Saturday, 11 June 2016

The one that didn't stop for anything!

This past week, those of us in the UWF cohort spent the week with the lovely Dr. Judkins at the University of South Florida St. Pete. When we first arrived we were all incredibly disappointed to learn that there was a possibility that we may spend the entire week in the classroom due to tropical storm Collin; we had all been looking forward to participating in research on a research vessel, which many of us had never experienced. However, once we flew through our first day in the classroom, we knew that this week was going to be a blast! Dr. Judkins gave us some fun, in-class, assignments and then before we knew it the day was done! Just like that! Though our time in the classroom was fun, I feel like I gained the most new knowledge this week, while we were out on the R/V Weatherbird II (which we were extremely excited to find out we would be sailing on)!

Having not done much in the way of science, outside the classroom at least, this was definitely the most informative portion of the week for me. I enjoyed learning how to use some of the equipment, tolerating a little seasickness and rain, and becoming more proficient in identifying critters (though we still have one that is to be identified.....). Some of the equipment that we used was incredibly heavy, and I'm very grateful that the crew aboard was willing to help haul it in! We took a wide variety of data while aboard the R/V Weatherbird II; some of which included species counts and measurements, water temperature, net flow, pH, chl A, and depth. We used five different methods of collecting data, non of which I had heard of and all of which were incredibly interesting to learn about! Though I did not get to use it, I found the CTD or conductivity, temperature, and depth, very interesting! Once lowered into the water column the CTD reads different measurements from the water and sends it immediately to back up to the boats' tech. room. The CTD also will collect water samples that can be analyzed as soon as it returns to the ship; this helps to ensure that the values the machine sent back are accurate.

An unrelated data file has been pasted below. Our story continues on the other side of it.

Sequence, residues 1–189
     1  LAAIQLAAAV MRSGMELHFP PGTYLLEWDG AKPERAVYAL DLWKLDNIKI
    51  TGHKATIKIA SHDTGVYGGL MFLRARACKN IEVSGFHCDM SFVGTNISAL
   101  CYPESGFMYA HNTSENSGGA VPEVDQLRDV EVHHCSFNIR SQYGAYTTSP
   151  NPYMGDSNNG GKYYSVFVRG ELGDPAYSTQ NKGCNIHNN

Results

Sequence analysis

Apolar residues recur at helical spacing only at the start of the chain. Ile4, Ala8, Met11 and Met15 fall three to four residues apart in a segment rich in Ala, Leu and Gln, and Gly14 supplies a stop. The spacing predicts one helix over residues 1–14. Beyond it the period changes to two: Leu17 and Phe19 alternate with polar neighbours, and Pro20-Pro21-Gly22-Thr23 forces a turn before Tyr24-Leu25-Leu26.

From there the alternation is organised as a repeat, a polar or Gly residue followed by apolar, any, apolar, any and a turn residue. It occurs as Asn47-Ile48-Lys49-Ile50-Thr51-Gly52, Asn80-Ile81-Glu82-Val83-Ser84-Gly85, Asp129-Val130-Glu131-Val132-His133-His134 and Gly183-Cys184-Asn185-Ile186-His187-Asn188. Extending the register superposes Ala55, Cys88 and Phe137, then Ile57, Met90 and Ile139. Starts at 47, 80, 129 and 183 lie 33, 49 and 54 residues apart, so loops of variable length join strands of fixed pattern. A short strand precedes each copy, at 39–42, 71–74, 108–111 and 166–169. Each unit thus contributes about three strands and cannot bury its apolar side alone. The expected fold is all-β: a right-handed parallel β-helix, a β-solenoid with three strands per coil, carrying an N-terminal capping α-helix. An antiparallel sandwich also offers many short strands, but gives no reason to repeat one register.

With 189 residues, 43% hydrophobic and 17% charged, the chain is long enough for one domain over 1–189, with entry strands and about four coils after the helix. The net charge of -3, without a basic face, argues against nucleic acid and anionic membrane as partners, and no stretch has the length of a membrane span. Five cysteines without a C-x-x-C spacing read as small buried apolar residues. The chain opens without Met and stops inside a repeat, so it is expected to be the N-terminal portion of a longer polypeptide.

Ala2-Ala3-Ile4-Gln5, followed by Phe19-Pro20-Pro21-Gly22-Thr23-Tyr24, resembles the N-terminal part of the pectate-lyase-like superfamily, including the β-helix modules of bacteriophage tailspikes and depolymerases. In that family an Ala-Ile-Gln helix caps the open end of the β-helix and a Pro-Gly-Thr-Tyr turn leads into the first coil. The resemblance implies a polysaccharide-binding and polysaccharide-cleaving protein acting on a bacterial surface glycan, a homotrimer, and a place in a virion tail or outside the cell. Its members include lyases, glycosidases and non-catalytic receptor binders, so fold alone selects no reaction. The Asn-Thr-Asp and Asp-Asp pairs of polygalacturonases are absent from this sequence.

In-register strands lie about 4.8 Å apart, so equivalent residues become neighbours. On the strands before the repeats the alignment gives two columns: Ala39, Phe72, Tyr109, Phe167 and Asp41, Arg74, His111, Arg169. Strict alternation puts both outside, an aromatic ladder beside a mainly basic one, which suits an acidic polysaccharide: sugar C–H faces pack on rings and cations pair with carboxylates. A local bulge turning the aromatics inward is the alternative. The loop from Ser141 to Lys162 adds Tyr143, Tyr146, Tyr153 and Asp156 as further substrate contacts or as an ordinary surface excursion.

Overall I found that this week, like all the rest, has gone by a little too quickly. I would like to thank Dr. Judkins for taking us in and directing us in the correct way to go about collecting and analyzing data, as well as making me more comfortable with the fact that it is okay to use the internet and books to catch up on topics that you're not proficient in... that is not what I have been lead to believe throughout any of my schooling. I would also like to thank the crew on the Weatherbird II and USFSP for taking us in and allowing us to use your facilities it was truly an amazing experience. I can hardly believe that this next week will be our last, I know that the memories we have made will last us a lifetime and I look forward to what this next week has to offer!

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